Can church-labor cooperation still happen today? It has in Maryland, where a coalition of faith, labor, and community organizations called Working Matters has been campaigning since 2012 for a paid sick-leave law. While most professionals and white-collar workers enjoy a paid sick-leave benefit, most low-wage service workers don’t, say advocates—leaving custodial workers unable to take a day off to care for a sick child, and food-service workers reporting to kitchens while ill. Although the Democrats control the state legislature, the campaign has been a grueling one, with many legislators hesitant to endorse a new government mandate on business. In 2016 the bill finally passed the Maryland House, but remained bottled up in the Senate.

SEIU (Service Employees International Union) State Council Director Terry Cavanagh, who’s  an active parishioner at St. Ignatius in Baltimore, has worked closely with Maryland Catholic Conference Executive Director Mary Ellen Russell during the campaign, developing a close rapport. Both point to the strategic benefits of a partnership on the issue: labor organizations can round up progressive votes, but the church can help worker-justice advocates get beyond the usual suspects. “From past work on life and education issues, we knew some of the conservative Democrats who were on the fence on paid sick leave,” said Russell. “It was easier for us to reach them on this issue because of our existing relationships.” In 2017 the bill won strong majorities in both houses. Though Governor Larry Hogan vetoed the bill, supporters had enough votes for an override—and plan to bring the bill back when the legislature reconvenes.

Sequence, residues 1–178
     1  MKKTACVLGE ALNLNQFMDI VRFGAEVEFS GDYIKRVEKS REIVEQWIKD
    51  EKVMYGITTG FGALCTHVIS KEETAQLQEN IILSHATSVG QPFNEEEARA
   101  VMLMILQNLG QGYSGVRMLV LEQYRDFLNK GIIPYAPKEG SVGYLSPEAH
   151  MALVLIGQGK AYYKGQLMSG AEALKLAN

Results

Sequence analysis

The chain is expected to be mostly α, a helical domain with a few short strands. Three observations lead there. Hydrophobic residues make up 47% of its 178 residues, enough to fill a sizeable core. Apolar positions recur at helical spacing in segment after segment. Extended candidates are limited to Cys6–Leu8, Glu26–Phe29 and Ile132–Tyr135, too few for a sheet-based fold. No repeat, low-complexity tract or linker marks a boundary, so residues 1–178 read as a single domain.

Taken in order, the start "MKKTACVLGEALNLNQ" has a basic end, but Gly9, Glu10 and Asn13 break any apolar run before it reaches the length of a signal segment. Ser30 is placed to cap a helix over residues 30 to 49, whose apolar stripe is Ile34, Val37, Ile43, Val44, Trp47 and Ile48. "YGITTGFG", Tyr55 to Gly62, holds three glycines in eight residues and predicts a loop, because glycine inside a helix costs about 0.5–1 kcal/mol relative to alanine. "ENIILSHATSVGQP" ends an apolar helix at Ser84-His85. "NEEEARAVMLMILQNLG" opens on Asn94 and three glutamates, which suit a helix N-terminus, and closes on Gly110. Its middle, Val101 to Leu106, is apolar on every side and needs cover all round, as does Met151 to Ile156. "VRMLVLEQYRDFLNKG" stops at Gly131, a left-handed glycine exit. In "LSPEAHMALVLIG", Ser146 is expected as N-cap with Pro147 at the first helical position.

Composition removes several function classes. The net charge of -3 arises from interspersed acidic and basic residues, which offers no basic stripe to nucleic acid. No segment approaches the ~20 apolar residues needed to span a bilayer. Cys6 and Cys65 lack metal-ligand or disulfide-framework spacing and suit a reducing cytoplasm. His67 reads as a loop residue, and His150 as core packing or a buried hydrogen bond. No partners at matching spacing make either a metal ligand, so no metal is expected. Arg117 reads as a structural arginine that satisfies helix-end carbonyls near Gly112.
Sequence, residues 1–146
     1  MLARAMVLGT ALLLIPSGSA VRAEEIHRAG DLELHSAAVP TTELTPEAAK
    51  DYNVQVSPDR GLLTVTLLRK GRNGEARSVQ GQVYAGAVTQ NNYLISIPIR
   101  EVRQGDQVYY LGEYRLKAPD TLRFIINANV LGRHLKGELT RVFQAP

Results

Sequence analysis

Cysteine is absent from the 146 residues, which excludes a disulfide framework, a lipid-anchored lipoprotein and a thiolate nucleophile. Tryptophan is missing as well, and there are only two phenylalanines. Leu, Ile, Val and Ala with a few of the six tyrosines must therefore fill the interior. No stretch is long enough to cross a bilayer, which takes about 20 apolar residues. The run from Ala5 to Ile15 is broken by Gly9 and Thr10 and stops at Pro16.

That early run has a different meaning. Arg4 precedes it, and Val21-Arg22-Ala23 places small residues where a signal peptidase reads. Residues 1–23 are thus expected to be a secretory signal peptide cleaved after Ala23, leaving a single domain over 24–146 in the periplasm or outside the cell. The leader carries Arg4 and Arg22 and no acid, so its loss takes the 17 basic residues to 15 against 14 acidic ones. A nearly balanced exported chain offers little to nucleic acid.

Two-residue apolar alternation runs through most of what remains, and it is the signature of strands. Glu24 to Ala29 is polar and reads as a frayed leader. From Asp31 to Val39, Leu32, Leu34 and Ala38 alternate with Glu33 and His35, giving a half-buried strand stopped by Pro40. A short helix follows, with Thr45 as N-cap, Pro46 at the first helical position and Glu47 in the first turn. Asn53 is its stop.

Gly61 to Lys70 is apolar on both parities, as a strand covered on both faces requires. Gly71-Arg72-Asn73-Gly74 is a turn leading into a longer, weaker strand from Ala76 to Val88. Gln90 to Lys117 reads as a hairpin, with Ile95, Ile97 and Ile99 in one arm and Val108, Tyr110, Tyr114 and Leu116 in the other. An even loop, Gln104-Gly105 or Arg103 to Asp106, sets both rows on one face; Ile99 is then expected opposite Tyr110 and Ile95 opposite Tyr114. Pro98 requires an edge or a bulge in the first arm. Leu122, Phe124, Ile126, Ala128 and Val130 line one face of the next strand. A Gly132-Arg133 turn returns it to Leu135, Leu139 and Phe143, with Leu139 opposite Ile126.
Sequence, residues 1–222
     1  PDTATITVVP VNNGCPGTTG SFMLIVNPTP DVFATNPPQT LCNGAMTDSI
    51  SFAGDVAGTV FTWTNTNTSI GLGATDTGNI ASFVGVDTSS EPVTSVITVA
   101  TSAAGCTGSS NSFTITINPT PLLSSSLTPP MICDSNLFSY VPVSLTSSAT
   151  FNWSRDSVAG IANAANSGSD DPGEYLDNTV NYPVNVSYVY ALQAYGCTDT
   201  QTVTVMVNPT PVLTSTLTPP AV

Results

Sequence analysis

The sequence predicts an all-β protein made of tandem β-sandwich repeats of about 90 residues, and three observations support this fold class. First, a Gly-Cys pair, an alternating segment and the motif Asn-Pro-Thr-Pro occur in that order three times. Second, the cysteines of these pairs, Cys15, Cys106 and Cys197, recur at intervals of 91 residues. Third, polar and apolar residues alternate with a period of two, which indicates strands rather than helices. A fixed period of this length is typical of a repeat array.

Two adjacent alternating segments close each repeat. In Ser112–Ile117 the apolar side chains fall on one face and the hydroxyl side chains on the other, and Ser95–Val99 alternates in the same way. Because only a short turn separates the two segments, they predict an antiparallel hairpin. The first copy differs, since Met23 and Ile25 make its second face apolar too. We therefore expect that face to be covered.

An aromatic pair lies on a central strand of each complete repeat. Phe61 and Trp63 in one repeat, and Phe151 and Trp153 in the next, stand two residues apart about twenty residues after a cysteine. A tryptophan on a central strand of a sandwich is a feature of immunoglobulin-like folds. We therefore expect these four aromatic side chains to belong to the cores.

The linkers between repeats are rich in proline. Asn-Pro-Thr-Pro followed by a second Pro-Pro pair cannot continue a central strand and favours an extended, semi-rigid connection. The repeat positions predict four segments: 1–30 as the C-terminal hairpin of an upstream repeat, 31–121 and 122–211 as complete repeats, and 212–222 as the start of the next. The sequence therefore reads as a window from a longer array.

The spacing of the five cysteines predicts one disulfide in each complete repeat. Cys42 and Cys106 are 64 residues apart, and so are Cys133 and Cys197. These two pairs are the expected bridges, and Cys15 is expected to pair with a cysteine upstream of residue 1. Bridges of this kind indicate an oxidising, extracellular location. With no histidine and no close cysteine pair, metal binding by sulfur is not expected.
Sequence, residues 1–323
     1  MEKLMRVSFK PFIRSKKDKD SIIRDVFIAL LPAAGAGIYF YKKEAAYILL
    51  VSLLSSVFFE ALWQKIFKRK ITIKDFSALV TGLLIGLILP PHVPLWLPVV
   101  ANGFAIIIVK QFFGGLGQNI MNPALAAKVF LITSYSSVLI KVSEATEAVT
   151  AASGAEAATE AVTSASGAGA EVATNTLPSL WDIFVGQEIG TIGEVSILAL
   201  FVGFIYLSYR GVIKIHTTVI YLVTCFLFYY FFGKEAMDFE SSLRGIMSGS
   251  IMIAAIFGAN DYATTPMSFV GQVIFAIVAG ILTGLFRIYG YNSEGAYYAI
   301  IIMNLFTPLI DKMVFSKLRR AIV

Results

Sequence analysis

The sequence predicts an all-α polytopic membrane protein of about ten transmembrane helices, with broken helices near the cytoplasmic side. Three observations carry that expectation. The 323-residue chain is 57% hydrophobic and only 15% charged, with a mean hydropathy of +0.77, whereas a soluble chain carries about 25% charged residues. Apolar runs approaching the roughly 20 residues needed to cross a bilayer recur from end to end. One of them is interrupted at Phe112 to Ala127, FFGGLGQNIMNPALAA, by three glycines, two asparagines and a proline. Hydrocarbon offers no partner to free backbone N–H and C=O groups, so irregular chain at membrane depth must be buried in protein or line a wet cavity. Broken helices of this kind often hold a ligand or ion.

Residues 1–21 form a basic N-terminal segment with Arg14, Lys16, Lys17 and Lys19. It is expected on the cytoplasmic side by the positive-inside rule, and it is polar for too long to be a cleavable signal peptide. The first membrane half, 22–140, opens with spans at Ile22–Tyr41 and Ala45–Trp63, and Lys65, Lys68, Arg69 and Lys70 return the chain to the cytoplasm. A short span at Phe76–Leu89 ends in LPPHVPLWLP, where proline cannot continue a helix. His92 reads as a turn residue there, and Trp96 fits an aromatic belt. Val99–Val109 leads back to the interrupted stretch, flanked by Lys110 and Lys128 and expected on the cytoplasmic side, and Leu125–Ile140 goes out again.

The events in Maryland reveal the church’s unique opportunity to witness for social justice in today’s political environment. With commitments ranging from the right to life to the preferential option for the poor, Catholic Conference staff work with legislators across the ideological spectrum. In a time of especially bitter political division, the Catholic Church is one of the few remaining actors routinely crossing party lines. If worker-justice advocates want a dialogue with red America, Catholic social action is one of the few vehicles left. That should be reason enough to work toward a renewed labor-church alliance.

Clayton Sinyai is the executive director of the Catholic Labor Network, an organization that brings together Catholic trade-union leaders with clergy and lay Catholic activists committed to Catholic social teaching on labor and work. You can reach him at [email protected]

What is YOUR Parish Doing for Labor Day?

The Catholic Labor Network, August 2017
What, no plans yet? Now is the time to talk to your Pastor about how to honor those who work this Labor Day – and reflect on the rich teaching of our faith about labor and work. Why don’t you share with him this great bulletin insert published by the USCCB, Selected Quotations from Catholic Social Thought on the Rights and Responsibilities of Workers and Labor Unions. With selections from the encyclicals and the pastoral letters, it would be just the thing to accompany a homily on the topic!

Labor unions are prophetic, innovative, pope says

Ironworkers are seen in Boston April 28, 2014. (CNS photo/CJ Gunther, EPA)

Michael Sean Winters  |  

Last week, Pope Francis spoke to a delegation from the Confederation of Trade Unions, Italy’s equivalent of the AFL-CIO in this country. It was a short but remarkable speech that mostly got lost because the pope had a general audience an hour later and a consistory to create new cardinals in the afternoon.He sketched for the group two aspects of trade unionism that he thought were especially necessary at this point in history. First, he called the union movement to perform a prophetic role, which it does when “it gives a voice to those who have none, denounces those who would “sell the needy for a pair of sandals” (cf. Amos 2:6), “unmasks the powerful who trample the rights of the most vulnerable workers, defends the cause of the foreigner, the least, the discarded.” He noted that the proudest moments in the history of the Italian trade union movement came when it performed this function.